Inkling is making its $30m digital publishing platform, Habitat, available free to everyone. There’s even a special academic version, with tight Google Search integration. Inkling takes a 30 percent cut of each sale via the Inkling store, but waives that if you’re a bona fide academic.
It seems Inkling is going free in order to compete with Amazon — Inkling only has around 400 titles in its store and so obviously needs more if it’s going to match Amazon. Might be worth a look if you need to create ePub and HTML5 publications with…
“interactive e-books with HD video, interactive features and 3D content”.
The drawback seems to be that the DRM sounds ferocious, and there’s no mention in the FAQ of the ability to produce a DRM-free ePub. Which seems to imply that you get locked into Inkling as your sole distribution system?
JURN Search has been fully checked for the continuing presence of indexed articles in the Google Search results, via the use of adapted software originally meant for checking SEO back-links. Repairs of astray URLs were undertaken as a result, and there were also about 30 deletions of dead or domain-squatted URLs. Both the JURN Directory and the JURN search-engine are now as up-to-date and free of link-rot as they can be.
New titles added to JURN today:
bCeramics (Quarterly on ceramics, photography, and books).
Electryone (ancient historical and philological issues).
Baconia (Francis Bacon).
Bellagio Publishing Network Newsletter (promotion of books and publishing in the south parts of the planet).
Live Design Magazine (project profile features only).
OAH Newsletter (Organization of American Historians).
Projector, The (film studies at Bowling Green State University).
Sandlapper (history of South Carolina).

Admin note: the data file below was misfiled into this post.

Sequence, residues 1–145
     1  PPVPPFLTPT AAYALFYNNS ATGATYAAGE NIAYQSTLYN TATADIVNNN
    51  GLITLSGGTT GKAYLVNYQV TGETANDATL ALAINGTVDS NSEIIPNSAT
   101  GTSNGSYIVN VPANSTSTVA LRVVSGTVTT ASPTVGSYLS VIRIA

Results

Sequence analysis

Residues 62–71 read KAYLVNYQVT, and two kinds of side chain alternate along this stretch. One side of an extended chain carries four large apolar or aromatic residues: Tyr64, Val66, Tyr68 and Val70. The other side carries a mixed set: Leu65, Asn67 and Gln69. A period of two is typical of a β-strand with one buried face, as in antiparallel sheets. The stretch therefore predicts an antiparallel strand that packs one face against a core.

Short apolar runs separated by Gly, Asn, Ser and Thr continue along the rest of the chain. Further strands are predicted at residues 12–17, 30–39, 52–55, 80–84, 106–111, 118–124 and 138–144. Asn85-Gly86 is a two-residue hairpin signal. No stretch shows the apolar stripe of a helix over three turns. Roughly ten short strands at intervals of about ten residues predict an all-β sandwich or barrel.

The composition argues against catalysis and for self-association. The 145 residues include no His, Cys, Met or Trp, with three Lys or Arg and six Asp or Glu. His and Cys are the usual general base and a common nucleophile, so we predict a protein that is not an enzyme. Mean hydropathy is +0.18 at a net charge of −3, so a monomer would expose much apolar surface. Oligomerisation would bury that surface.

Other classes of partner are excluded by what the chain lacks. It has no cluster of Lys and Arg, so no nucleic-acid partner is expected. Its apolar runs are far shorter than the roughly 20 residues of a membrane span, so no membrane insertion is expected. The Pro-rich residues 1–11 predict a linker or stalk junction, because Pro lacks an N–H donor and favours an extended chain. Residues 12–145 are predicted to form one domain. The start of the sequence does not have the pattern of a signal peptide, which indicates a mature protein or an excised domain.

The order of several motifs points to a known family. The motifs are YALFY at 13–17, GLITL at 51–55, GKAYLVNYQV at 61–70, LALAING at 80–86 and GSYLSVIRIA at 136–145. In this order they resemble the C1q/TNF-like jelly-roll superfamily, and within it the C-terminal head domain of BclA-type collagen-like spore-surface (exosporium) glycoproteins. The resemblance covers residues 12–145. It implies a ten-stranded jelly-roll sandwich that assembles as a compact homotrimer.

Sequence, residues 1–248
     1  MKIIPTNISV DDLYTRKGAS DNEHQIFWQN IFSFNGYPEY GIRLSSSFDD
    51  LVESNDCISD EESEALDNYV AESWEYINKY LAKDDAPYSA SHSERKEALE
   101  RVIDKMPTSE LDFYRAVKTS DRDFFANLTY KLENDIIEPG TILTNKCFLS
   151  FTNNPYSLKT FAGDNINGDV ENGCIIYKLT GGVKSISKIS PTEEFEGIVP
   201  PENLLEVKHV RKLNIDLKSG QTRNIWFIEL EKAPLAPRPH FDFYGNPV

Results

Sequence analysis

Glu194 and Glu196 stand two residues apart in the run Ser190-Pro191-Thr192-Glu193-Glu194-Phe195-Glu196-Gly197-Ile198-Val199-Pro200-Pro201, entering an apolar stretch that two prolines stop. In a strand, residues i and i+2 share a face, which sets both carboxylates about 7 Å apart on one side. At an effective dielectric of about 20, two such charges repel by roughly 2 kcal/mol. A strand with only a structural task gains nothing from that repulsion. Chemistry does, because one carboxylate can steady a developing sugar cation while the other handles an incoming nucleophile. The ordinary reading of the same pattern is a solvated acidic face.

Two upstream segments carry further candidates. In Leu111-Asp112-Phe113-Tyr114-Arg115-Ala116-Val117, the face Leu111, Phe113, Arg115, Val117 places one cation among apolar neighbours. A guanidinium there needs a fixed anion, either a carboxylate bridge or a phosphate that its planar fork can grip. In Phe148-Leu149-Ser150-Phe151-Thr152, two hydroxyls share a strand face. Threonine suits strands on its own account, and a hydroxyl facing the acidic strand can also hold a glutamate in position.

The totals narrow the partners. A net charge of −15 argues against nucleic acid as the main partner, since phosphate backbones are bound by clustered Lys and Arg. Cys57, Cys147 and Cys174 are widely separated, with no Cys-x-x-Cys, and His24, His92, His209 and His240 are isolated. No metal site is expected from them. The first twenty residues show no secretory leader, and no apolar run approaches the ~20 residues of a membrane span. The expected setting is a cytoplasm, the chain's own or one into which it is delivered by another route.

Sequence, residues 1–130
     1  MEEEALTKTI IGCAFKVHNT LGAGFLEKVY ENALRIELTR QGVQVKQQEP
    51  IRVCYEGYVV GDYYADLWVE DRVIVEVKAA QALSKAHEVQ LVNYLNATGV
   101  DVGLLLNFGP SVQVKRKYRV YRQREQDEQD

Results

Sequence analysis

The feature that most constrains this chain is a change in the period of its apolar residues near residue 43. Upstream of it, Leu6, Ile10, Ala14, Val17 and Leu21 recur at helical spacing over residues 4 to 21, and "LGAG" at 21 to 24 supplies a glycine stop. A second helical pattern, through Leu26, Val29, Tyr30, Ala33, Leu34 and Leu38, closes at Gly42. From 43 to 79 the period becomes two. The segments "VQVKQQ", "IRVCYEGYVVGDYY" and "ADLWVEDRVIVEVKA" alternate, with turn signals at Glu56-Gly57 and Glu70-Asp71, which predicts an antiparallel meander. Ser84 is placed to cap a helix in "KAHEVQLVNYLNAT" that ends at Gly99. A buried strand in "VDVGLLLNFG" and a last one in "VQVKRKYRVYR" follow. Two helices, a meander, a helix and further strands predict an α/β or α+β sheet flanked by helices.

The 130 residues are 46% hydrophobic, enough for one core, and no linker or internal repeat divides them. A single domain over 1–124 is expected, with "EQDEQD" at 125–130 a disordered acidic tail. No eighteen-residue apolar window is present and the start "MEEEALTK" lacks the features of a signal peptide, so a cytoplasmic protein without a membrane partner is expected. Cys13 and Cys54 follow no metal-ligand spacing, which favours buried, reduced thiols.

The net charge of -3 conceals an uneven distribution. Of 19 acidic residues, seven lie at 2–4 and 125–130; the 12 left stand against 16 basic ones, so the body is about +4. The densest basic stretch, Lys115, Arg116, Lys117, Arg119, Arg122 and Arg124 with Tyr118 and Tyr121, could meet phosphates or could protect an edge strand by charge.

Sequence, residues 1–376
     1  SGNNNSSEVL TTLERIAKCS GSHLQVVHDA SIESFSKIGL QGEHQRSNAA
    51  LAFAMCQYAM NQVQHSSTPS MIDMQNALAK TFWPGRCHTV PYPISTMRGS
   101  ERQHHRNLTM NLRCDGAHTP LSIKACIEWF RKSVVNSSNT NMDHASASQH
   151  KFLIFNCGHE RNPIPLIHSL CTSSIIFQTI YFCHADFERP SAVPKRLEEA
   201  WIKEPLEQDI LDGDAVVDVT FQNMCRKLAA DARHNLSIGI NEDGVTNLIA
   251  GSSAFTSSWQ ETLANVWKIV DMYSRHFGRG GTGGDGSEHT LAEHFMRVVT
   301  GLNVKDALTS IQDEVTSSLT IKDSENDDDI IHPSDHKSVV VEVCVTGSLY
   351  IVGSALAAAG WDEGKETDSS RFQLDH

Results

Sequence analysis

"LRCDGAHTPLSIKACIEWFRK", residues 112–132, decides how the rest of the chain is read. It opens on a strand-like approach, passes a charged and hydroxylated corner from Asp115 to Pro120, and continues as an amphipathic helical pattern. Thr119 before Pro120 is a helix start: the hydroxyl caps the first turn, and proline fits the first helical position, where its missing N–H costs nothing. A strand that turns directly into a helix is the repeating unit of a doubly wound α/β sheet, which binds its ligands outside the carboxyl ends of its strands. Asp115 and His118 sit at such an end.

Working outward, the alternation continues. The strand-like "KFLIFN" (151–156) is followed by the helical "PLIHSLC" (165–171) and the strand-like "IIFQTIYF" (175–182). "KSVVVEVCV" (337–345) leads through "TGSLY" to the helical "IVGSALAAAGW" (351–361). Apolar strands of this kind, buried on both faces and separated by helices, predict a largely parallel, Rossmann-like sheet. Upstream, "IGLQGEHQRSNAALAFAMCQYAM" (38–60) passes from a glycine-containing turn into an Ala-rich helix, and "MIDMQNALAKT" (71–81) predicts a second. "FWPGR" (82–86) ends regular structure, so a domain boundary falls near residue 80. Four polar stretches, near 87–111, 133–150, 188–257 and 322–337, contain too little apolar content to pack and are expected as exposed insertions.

Wisconsin Academy review (1954-2008).
UCLA Journal of Law and Technology (re: media copyright, censorship etc).
Quarterly Archives, The (teaching of writing).
Amirani (Caucasology, history of the Caucus region).
How to get RSS feeds from a Google+ group:
1. Install the Feed+ for Google Chrome addon in your Web browser. Authenticate it.
2. Paste in the ID number, from the home URL of your target Google+ group.
3. The addon will then give you an RSS link for FeedDemon (or other dedicated RSS software), and also a link to send the feed to Google Reader.
My standalone FeedDemon software accepted and validated my test feed, and gave me a full list of the posts.
How to get RSS feeds from a Facebook group:
1. Grab the ID number of the Facebook group from the home URL.
2. Visit this Yahoo Pipes script — feed it the ID number and it will pop out a valid RSS feed for the group.
I’ve successfully used this to plug a Facebook group feed into the sidebars of several blogs.
How to get an RSS feed for any Facebook fan page:
1. Copy the end bit of your Fan page’s URL. e.g. the end bit from http://www.facebook.com/MyFanPage
3. Run this new URL in your Web browser. Note and copy the ID number, found in the code that is returned.
4. Use this ID number to replace the ID number in this URL: https://www.facebook.com/feeds/page.php?id=123456789101&format=rss20
You now have a valid RSS feed for updates on your Facebook fan page.